Wrong. Trick ‘R Treat was made in 2007, and has been shelved ever since. It’s finally getting a DVD release this year, which is totally bogus for a film that really comes to life in front of a cinema audience. For this film to be sat on, when formulaic retreads and remakes get the nod is frankly sickening. Michael Dougherty, the director, was there, and made an impassioned plea for people to get behind this film and push for it. He has support from none other than John Landis, at Frightfest for the re-release of An American Werewolf in London, and who made his feelings about Warner’s actions very clear indeed, with a bellowed “Fuck ’em!”

Supporting this criminally overlooked film is the least I can do. It’s available for pre-order now – go snag a copy. Better, if you get the chance to see this film on the big screen, do it. It’s brilliant. It’s just the most deeply satisfying horror I’ve seen in a long time.

The last film of the night, Vampire Girl vs. Frankenstein Girl, started late, and was shaping up to be good, sugared-up gory fun, but something made me check the train schedules, which was just as well. The 3:30am train I was counting on wasn’t running, which meant an abrupt exit, hasty apologetic texts to Simon and Clive, and a dash across town to catch the last train home. A shame, as I enjoy the anime-brought-to-life of films like Tokyo Gore Police. The twenty minutes I saw came across like Grange Hill on meth. This is not necessarily a bad thing.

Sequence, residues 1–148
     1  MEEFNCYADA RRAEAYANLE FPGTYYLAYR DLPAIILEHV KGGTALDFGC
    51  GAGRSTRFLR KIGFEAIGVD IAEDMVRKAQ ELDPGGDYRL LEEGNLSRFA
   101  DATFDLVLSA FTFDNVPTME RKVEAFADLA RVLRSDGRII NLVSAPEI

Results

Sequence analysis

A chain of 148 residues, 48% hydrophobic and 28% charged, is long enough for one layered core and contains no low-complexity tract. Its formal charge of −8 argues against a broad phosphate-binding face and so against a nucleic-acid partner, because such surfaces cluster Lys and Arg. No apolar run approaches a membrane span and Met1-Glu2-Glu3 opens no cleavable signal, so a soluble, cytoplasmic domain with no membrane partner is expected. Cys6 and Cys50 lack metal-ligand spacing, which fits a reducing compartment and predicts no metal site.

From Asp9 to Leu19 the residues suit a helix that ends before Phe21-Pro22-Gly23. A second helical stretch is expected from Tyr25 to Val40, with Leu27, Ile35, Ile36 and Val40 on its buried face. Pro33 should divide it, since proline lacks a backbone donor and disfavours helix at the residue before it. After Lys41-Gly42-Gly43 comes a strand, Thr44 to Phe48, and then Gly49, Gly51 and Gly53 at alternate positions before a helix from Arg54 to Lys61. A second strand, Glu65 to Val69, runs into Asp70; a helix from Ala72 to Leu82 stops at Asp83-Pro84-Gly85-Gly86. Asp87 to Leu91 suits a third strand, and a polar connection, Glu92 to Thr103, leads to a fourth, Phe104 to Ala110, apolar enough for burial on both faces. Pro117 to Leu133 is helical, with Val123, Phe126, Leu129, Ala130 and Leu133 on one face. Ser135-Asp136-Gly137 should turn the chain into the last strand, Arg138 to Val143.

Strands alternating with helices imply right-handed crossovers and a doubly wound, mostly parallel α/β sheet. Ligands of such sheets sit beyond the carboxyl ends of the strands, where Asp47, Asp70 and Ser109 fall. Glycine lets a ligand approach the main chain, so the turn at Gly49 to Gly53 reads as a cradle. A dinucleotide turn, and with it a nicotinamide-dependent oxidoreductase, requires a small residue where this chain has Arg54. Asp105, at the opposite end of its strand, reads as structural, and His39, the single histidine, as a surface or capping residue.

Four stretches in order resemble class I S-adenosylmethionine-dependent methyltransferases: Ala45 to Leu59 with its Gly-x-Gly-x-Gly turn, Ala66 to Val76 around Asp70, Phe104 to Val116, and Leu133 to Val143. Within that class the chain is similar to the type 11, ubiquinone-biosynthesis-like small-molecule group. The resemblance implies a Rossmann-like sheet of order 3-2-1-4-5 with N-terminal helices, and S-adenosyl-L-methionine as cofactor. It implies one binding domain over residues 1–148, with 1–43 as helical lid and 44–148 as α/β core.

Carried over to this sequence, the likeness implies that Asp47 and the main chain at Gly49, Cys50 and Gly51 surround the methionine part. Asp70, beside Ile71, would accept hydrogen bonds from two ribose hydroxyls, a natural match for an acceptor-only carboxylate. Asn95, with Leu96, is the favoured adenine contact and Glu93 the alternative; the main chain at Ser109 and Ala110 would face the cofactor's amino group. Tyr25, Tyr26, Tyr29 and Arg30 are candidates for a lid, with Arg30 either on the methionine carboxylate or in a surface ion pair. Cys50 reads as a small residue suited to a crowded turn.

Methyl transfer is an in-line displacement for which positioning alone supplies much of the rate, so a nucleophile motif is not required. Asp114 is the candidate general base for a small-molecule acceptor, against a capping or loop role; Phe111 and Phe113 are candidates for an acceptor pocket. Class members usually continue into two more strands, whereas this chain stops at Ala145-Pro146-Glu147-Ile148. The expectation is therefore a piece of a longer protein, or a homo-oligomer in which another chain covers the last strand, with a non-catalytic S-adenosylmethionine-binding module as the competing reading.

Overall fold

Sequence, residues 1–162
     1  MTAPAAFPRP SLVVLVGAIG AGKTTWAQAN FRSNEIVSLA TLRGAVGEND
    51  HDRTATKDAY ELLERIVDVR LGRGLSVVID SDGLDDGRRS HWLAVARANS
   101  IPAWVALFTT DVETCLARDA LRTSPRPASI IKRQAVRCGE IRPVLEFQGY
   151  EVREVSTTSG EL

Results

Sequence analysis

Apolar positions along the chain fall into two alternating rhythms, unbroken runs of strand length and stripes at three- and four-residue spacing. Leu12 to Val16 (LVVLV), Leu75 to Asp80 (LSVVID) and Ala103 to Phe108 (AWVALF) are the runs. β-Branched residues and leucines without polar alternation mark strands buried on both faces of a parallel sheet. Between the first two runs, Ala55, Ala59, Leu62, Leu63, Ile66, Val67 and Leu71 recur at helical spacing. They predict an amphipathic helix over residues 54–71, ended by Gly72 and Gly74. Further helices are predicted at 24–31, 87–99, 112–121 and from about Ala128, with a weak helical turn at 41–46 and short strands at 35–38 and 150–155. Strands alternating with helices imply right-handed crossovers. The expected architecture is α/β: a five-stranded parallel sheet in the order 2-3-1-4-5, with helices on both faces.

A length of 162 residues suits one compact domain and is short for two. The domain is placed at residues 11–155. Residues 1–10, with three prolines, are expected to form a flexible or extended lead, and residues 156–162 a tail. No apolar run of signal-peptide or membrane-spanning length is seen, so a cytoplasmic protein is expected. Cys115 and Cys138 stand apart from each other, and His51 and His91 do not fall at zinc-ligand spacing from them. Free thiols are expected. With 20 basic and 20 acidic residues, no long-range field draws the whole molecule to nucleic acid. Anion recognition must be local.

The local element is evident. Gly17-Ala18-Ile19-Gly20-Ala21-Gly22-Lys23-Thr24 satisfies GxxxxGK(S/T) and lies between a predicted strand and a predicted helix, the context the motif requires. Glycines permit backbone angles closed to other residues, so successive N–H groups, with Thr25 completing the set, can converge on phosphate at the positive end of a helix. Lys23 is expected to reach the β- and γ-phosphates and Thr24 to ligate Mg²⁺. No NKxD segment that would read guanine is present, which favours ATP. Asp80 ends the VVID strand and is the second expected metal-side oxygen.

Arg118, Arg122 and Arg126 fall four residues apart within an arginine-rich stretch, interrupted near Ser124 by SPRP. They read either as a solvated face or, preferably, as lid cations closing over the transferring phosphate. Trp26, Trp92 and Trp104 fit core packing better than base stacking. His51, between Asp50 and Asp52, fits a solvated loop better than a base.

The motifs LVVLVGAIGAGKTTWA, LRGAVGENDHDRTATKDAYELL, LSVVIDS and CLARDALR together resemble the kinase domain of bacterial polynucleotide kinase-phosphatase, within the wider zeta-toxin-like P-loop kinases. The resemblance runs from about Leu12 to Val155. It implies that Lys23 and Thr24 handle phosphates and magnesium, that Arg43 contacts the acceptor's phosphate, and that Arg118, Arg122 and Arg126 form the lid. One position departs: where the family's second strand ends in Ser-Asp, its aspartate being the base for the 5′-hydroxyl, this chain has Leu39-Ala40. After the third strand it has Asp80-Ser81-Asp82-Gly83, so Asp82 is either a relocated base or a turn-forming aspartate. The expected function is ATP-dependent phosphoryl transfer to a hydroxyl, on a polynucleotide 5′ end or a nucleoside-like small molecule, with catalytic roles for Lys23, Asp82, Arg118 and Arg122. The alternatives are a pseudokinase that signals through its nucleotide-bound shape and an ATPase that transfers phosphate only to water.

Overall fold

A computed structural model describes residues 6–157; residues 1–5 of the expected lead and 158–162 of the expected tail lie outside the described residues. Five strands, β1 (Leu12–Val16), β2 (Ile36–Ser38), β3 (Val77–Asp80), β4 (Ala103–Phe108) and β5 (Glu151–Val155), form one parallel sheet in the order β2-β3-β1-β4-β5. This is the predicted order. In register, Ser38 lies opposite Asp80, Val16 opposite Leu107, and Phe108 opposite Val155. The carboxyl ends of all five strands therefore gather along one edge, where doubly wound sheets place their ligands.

(The clip below is NOT SAFE FOR ANYBODY)

And that was me done. I was drained after just one day, so Gods know how Clive does it year after year. I can see why he does it though. It’s a great way to get a real snapshot of what’s going on in the horror and fantasy field, as well as seeing rare and interesting movies that you simply wouldn’t see otherwise.

My one problem was with the density of programming. It’s great that they cram so many films into the day, but it does mean if you want to network or kick back with your mates, you’ll probably have to miss something, and if you’re on a day pass that’s just not the best use of your time.

Still, that’s a minor grumble against a day that was otherwise well worth the money.

Frightfest – very nearly the best fun you can have with lots of people in the dark.

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Writer. Film-maker. Cartoonist. Cook. Lover.